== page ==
This post at the Environmental Law Prof blog is from a couple of weeks ago, but I appreciate the way it emphasizes the most important lesson of the extremely effective Montreal Protocol to slash our ozone-depleting emissions of chlorofluorocarbons:
The tripe currently being circulated in policy circles about “maintaining flexibility in the face of improving or changing information” is just that — tripe. Regulatory certainty is essential to induce the magnitude of investment necessary to get us out of the carbon trap. Sometimes we just have to say “no,” provide a series of targets and firm deadlines, ease the pain and create flexibility in implementation through well-designed trading programs that first and foremost hit the targets, and use strong enforcement mechanisms to assure compliance. Then, we can actually accomplish something.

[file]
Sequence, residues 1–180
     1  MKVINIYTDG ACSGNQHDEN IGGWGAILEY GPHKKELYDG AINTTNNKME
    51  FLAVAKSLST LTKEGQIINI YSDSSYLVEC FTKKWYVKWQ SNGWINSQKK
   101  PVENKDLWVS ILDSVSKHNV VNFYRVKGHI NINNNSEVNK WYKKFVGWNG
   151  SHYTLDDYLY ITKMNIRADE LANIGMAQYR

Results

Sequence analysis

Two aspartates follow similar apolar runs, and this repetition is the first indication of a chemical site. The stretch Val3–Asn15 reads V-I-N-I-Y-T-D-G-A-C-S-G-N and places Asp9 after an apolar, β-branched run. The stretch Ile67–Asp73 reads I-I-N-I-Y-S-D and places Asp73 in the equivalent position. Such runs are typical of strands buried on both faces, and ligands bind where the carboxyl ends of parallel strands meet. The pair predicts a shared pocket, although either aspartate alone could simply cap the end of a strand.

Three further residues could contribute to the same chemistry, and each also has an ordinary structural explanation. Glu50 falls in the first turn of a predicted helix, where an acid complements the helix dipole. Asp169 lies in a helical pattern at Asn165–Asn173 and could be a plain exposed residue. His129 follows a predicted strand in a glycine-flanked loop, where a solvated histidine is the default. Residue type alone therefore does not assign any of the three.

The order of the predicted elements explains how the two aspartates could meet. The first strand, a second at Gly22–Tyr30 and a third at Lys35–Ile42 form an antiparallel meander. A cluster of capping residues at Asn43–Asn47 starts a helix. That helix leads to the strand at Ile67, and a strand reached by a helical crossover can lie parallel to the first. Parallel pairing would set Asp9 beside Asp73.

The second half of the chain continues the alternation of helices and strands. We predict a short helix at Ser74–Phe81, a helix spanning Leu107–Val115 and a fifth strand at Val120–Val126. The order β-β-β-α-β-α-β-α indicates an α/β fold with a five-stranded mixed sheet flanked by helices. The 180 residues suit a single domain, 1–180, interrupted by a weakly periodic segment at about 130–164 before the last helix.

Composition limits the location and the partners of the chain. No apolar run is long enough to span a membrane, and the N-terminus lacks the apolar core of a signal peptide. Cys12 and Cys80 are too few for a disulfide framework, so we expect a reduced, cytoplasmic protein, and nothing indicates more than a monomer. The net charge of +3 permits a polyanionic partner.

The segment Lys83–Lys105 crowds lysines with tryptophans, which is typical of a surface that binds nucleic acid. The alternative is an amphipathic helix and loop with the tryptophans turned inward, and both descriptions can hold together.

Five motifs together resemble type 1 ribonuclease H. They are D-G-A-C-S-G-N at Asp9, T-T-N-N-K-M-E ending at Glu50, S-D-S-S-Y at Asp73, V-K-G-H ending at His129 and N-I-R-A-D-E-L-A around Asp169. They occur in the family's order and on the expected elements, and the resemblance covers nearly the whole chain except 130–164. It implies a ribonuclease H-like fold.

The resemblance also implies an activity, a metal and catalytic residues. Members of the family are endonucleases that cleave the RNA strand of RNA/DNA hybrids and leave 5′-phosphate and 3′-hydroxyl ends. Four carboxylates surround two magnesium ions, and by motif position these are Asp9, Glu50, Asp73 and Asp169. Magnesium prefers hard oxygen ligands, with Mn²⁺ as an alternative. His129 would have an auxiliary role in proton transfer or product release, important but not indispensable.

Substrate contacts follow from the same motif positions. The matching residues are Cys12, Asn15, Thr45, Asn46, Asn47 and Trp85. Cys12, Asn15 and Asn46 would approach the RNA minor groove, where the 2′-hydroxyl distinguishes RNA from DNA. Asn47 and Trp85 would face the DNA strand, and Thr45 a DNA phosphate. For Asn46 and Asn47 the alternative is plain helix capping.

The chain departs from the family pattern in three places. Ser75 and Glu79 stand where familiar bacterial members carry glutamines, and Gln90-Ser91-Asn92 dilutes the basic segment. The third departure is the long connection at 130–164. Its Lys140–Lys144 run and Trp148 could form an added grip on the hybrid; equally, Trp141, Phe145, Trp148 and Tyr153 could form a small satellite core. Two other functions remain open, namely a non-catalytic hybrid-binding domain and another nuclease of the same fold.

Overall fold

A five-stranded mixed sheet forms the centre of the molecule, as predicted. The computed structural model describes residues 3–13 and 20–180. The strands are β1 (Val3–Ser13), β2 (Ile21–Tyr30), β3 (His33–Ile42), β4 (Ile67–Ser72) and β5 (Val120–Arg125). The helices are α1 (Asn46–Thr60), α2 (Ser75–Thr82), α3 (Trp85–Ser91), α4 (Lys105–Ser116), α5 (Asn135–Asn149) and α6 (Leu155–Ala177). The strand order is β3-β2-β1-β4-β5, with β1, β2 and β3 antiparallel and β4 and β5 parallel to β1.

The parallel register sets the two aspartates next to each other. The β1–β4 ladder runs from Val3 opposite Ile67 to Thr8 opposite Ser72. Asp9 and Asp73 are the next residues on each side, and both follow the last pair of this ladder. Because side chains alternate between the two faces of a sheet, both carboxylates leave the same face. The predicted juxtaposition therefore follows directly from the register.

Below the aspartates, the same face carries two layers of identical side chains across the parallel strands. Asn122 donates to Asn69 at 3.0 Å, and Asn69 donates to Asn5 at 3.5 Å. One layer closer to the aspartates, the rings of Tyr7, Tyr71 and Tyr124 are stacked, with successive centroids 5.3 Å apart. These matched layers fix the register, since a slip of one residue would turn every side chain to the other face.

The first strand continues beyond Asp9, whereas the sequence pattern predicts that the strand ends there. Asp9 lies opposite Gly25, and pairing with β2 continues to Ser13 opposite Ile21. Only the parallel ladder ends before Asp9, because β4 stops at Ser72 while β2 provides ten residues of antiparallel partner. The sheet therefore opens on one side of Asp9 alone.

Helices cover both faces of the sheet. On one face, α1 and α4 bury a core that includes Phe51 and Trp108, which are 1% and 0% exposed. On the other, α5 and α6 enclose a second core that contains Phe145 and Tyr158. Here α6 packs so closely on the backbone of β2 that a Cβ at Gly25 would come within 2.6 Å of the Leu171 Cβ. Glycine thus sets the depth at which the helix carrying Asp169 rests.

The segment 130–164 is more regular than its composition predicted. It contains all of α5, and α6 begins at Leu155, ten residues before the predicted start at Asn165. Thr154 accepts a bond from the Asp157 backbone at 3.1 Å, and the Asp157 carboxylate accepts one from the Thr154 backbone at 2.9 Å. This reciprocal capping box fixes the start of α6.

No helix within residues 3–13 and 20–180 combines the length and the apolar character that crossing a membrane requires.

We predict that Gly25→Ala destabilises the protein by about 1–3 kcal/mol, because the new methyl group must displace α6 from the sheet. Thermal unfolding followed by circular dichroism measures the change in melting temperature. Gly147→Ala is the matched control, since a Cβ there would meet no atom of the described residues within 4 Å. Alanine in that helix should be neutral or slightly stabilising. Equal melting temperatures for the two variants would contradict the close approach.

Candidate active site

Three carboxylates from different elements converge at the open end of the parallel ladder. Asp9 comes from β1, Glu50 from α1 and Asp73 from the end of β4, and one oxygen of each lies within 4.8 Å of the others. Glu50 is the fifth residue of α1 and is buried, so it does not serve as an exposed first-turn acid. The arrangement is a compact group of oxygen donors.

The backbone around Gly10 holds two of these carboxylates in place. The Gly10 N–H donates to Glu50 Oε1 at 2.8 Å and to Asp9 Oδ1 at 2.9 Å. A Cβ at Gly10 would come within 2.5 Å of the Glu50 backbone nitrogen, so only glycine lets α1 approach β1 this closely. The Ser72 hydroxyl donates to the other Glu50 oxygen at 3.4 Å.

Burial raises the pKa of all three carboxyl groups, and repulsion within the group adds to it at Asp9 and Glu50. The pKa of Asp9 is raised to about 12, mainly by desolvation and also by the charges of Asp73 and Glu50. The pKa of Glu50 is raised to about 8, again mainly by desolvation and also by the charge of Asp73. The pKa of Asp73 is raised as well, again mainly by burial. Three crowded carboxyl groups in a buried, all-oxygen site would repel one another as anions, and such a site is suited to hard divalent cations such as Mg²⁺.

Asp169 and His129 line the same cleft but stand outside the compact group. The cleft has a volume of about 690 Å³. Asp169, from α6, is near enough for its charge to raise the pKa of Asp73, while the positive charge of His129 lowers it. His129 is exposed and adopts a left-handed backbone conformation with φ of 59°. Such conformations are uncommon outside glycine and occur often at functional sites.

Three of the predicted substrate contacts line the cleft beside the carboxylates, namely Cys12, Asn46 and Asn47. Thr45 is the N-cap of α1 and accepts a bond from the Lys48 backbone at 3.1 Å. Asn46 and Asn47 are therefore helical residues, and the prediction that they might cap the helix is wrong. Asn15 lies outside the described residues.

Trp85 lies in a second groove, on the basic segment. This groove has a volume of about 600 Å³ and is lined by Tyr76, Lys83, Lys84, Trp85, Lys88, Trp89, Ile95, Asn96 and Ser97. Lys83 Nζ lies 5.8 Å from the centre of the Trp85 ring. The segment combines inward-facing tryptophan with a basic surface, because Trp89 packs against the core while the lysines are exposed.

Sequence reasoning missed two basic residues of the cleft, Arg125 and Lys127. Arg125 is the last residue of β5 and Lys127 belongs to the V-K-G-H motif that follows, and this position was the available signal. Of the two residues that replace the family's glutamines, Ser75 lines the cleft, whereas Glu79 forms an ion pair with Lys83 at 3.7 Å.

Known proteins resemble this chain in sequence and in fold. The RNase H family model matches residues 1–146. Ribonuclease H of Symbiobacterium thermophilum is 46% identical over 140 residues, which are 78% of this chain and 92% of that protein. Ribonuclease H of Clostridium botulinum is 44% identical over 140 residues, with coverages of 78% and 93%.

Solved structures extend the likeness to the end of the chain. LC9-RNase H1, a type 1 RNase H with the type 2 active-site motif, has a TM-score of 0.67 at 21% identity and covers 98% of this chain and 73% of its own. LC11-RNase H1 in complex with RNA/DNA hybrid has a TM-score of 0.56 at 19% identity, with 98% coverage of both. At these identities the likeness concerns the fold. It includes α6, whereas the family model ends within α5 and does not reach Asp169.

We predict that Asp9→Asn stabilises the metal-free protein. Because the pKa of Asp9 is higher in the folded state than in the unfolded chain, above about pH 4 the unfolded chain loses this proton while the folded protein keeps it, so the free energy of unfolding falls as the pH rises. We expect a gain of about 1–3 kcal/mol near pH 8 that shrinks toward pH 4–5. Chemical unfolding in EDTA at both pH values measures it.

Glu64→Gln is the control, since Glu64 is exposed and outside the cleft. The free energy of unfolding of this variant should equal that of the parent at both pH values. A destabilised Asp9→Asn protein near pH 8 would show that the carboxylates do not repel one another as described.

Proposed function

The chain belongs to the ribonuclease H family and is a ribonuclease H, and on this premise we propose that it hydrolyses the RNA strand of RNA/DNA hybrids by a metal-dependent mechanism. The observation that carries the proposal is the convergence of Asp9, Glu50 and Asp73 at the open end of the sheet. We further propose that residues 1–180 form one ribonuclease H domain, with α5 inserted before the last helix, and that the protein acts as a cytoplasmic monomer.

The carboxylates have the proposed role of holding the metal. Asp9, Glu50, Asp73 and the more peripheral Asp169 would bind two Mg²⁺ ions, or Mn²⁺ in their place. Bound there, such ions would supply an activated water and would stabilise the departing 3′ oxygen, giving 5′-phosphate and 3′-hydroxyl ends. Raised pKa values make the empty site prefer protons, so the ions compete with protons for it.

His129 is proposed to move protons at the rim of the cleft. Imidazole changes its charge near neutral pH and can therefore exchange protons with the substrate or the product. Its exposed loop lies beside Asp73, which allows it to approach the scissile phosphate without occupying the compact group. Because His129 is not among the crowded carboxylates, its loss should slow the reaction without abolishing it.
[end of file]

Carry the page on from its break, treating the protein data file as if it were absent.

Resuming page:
The Montreal Protocol worked. It was an excellent dress rehearsal for the big show we’re in now.
Where government regulates, it must have clear objectives and makes rules that are equally clear, steady and predictable so citizens can make good choice about how to govern themselves. Right now on the environment we have none of those things.